WHEREFORE, the Court GRANTS the petition for review on certiorariREVERSES and SETS ASIDE the decision promulgated by the Court of Appeals on August 31, 2012; FINDS and DECLARES respondent PHILIPPINE VETERANS BANK guilty of illegally dismissing the petitioner; and ORDERS respondent PHILIPPINE VETERANS BANK to pay to the petitioner, as follows: (a) backwages computed from July 18, 2007, the time of his illegal dismissal, until his compulsory age of retirement, plus legal interest of 12% per annum from July 18, 2007 until June 30, 2013, and legal interest of 6% per annum from July 1, 2013 until full satisfaction; (b) separation pay computed at the rate of 100% of the final monthly salary received by the petitioner pursuant to Section 4, Article V of the PVB Retirement Plan; and (c) the costs of suit.

The Court DIRECTS that any amount that the petitioner received from respondent PHILIPPINE VETERANS BANK by virtue of his illegal retirement shall be deducted from the amounts hereby awarded to him.

The Court DIRECTS the National Labor Relations Commission to facilitate the computation and payment of the total monetary benefits and awards due to the petitioner in accordance with this decision.

SO ORDERED.

Sereno, C. J., I join the dissent of J. Leonen.
Leonardo-De Castro, Peralta, Del Castillo. Caguioa, Martires, Tijam, and Gesmundo, JJ., concur.
Carpio, J., see Concurring Opinion.
Velasco, Jr., J., I join the dissent of J. Leonen.
Perlas-Bernabe, J., I join the dissent of J. Lenonen.
Leonen, J., I dissent. See separate opinion.
Jardeleza,J., no part.
Reyes, Jr., J., I join the dissent of J. Leonen.

* No part due to his prior participation as the Solicitor General.

[1] Rollo, pp. 34-48; penned by Associate Justice Leoncia Real-Dimagiba, and concurred in by Associate Justice Rosmari D. Carandang and Associate Justice Ricardo R. Rosario.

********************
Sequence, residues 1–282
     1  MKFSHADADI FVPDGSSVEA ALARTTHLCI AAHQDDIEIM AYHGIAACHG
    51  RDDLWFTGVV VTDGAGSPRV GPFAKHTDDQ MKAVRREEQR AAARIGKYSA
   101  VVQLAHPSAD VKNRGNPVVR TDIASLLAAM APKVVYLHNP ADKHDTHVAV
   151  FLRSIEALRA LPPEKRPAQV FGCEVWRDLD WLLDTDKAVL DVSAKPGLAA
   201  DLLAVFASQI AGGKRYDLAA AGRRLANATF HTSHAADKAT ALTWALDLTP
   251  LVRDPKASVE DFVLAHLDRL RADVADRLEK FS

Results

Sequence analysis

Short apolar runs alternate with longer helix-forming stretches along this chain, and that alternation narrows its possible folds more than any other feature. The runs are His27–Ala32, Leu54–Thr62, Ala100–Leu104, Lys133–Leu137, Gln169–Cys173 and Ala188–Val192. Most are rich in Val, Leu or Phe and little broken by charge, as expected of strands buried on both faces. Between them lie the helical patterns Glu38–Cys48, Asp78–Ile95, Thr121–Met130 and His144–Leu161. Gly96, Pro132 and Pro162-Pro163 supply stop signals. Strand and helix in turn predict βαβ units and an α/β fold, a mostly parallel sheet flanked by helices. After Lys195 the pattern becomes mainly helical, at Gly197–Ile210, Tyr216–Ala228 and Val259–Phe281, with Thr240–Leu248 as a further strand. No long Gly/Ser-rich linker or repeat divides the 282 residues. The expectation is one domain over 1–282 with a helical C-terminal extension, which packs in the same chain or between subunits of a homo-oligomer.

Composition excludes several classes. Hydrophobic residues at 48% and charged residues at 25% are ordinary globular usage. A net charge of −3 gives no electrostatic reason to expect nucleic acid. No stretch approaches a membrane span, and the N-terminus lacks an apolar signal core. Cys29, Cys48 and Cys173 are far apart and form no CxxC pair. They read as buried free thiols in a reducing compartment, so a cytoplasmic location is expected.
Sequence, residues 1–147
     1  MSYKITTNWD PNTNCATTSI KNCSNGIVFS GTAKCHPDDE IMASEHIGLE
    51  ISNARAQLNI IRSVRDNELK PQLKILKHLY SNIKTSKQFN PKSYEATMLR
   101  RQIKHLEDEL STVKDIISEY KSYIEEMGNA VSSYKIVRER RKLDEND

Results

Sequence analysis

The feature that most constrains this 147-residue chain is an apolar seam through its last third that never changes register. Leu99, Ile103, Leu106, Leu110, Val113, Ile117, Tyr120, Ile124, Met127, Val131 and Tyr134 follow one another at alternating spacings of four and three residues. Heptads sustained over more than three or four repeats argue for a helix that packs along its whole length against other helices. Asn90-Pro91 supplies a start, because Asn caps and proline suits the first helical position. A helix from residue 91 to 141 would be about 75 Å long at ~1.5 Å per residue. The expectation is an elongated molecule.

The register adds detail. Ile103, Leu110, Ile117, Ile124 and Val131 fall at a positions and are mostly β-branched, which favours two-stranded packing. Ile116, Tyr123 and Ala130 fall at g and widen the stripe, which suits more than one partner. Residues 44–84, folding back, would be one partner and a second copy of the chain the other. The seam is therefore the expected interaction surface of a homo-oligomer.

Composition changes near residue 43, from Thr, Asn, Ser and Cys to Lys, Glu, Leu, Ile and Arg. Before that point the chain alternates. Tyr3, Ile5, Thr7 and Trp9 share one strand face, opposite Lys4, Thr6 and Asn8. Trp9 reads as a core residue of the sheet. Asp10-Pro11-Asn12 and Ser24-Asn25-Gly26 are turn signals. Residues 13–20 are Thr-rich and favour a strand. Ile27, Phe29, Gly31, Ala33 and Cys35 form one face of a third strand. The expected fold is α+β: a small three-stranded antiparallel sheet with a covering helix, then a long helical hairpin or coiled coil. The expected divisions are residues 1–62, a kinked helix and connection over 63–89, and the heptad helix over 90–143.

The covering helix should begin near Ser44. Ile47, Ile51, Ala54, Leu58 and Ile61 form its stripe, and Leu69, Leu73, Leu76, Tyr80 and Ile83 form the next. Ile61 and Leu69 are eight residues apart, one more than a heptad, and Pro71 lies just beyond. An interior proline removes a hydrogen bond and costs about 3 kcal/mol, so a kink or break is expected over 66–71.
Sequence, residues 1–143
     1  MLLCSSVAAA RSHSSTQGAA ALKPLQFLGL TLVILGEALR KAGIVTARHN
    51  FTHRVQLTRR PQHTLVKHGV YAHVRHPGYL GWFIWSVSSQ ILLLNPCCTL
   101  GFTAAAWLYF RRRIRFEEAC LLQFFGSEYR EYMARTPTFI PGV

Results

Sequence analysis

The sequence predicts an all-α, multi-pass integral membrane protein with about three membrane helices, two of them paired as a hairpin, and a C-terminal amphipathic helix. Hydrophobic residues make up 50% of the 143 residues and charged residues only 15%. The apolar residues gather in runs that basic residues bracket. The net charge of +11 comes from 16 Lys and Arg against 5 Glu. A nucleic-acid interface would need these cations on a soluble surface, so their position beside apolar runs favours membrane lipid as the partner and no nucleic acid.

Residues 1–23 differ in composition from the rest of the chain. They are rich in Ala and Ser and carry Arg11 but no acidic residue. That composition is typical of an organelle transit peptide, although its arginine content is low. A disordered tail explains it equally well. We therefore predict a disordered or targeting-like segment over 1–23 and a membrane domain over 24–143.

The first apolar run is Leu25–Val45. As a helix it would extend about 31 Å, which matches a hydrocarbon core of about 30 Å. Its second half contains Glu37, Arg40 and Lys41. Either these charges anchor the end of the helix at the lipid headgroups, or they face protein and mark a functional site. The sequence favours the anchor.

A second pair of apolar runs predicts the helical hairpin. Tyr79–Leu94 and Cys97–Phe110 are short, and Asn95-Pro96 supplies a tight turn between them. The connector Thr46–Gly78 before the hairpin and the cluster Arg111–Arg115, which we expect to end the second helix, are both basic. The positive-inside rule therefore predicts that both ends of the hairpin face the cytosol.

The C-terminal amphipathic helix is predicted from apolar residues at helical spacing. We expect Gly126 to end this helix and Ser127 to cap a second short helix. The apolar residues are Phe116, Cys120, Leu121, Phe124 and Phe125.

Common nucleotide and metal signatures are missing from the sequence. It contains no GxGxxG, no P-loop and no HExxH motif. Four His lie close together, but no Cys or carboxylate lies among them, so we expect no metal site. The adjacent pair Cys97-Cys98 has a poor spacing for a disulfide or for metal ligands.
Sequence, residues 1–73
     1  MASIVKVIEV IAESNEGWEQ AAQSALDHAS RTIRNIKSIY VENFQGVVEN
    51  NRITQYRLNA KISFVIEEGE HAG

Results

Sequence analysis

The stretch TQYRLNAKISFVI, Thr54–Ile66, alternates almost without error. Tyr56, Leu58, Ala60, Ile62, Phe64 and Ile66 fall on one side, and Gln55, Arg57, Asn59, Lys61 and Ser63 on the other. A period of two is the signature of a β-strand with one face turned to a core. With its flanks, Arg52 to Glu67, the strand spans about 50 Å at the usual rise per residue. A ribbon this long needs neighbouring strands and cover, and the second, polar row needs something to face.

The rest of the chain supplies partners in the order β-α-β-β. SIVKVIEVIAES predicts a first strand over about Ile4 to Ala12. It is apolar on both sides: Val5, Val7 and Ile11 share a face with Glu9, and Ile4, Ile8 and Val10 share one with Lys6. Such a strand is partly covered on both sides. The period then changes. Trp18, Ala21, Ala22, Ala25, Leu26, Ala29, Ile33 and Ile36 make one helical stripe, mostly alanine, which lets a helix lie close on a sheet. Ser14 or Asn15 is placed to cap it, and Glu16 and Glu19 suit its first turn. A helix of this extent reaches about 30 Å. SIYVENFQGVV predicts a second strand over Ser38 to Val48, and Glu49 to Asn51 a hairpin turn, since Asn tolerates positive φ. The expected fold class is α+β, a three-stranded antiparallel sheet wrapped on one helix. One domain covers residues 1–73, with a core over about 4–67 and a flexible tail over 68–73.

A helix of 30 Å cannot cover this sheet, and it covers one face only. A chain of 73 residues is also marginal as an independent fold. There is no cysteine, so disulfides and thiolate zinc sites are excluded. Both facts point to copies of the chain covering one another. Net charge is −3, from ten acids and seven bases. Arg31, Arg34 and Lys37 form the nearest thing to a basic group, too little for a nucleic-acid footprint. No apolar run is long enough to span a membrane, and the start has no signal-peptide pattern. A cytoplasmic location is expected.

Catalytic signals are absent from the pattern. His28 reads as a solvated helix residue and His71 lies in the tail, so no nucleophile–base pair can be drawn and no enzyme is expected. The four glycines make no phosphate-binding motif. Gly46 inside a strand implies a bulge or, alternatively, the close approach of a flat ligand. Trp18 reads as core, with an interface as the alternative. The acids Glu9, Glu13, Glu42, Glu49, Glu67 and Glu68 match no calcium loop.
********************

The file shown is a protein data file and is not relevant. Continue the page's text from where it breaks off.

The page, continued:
[2] Id. at 35-37.

[3] Id. at 7.

[4] Id. at 8.

[5] Id.

[6] Id. at 10.

[7] Id.

[8] Id. at 37.

[9] Id. at 40.

[10] Id.

[11] Id.

[12] Id.

[13] Id. at 42-43.

[14] Supra note 1.

[15] Id. at 45.

[16] Id. at 45-46.

[17] Id. at 46.

[18] Id. at 46-47.

[19] Id. at 51-52.

[20] Id. at 56.

[21] Id. at 57-66.

[22] Id. at 57.

[23] Id. at 57-58.

[24] Id. at 106.

[25] Id. at 126.

[26] Id. at 108-124.

[27] Id. at 110-111.

[28] Id. at 111.

[29] Id. at 152.

[30] Id. at 154-A.

[31] Id. at 233.

[32] Section 3. Second Motion for Reconsideration. - The Court shall not entertain a second motion for reconsideration, and any exception to this rule can only be granted in the higher interest of justice by the Court en banc upon a vote of at least two-thirds of its actual membership. There is reconsideration "in the higher interest of justice" when the assailed decision is not only legally erroneous, but is likewise patently unjust and potentially capable of causing unwarranted and irremediable injury or damage to the parties. A second motion for reconsideration can only be entertained before the ruling sought to be reconsidered becomes final by operation of law or by the Court's declaration. x x x

[33] Rollo, pp. 232-233.

[34] Id. at 238-239.

[35] Id. at 242.

[36] Id. at 243.

[37] Id. at 245.

[38] Id. at 247-248.

[39] Id. at 248-249.

[40] Id. at 249.

[41] Id. at 250.